• Rice grown in southern states -such as Arkansas, Louisiana, Texas and Missouri- has been found to contain higher arsenic levels than rice grown anywhere else. This is believed to be a result of reusing the land that old cotton plantations once resided. (Cotton used to be treated heavily with arsenic pesticides in the south.)
      • Results from the Consumer Report study concluded that people who consumed rice were found to have 44% more arsenic in their system than those who didn’t.
      • That same Consumer Report study found that people who consumed a single serving of rice, could get 1.5 times the amount of inorganic arsenic from that than from an entire liter of water containing arsenic.
      • Brown rice has been found to contain higher levels of inorganic arsenic than white rice due to the vigorous polishing process of white rice.
      • Inorganic arsenic is considered to be a Group 1 carcinogen by the International Agency for Research on Cancer. It’s known to cause bladder, lung and skin cancers – targeting the liver, kidney and prostate.
      • Many are concerned, particularly, with the effects inorganic arsenic can have on fetuses and babies.

This is a time when cells are differentiating into organs and many other important developmental things are going on, so getting exposed to a toxicant like arsenic in utero or during early childhood can cause damage that may not appear until decades later.

~ Michael Waalkes, laboratory chief at the Division of the National Toxicology Program.

 

Sugar and Salt

puffeating{Photo credit: With A Red Bird On My Shoulder}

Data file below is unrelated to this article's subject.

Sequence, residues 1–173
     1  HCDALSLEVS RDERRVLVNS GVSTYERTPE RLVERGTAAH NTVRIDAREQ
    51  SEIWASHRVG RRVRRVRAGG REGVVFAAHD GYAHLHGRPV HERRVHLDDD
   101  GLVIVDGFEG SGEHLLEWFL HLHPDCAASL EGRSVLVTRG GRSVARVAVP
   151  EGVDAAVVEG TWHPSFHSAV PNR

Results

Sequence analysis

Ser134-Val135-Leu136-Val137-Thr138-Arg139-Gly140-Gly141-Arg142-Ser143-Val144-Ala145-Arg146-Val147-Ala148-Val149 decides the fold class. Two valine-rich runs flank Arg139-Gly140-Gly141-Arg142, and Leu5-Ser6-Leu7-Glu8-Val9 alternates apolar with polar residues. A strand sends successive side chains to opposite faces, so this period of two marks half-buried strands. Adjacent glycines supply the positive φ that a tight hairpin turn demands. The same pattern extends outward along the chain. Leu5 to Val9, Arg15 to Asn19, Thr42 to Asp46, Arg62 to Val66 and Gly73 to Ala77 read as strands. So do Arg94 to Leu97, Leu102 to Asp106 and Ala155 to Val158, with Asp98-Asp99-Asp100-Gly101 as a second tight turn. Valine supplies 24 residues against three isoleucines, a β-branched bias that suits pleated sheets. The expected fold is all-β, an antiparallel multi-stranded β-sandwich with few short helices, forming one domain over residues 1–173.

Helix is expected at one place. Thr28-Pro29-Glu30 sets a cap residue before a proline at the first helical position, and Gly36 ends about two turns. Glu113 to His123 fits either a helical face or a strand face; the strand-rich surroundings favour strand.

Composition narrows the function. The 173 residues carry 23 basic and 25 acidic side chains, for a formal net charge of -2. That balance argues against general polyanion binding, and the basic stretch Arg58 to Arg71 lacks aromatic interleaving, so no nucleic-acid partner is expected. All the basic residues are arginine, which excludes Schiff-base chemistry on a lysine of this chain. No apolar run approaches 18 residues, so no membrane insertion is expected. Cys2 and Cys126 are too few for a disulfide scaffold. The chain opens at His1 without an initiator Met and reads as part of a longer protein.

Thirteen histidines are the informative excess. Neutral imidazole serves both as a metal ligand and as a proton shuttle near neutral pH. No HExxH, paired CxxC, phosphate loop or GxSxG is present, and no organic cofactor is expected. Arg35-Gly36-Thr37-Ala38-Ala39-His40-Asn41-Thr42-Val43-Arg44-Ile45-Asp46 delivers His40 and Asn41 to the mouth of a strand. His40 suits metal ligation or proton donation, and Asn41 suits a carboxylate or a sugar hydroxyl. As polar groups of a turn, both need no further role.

So, you’ve found a brand of Puffs that claims to be 100% organic and made with all natural ingredients. Too good to be true, right? Probably. Once again, this is a case where the term “natural” can be deceiving. Rule of thumb: Always read the list of ingredients thoroughly. Most Puffs contain some source of added sugar. “Organic cane syrup” is the 3rd ingredient listed in Plum Organics Baby Super Puffs. That’s just a fancy term for sugar. Organic Baby Mum Mums –   a favorite cousin of Puffs – contain three ingredients: organic rice flour, organic sugar and salt. Puffs and teething biscuits might be packed full of organic and natural ingredients and a ton of added vitamins, but they are also packed full of unnecessary excessive sugar and salt.

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If you are looking for a healthier alternative to processed baby snacks, try these simple ideas:

  • Cut and prepare fresh fruit and vegetables at the beginning of the week. Place them in individual travel containers in your refrigerator; and grab them when you’re on the go. Bananas and individually packaged organic applesauce are also great healthy snacks to grab when you’re in a hurry and throw in the diaper bag.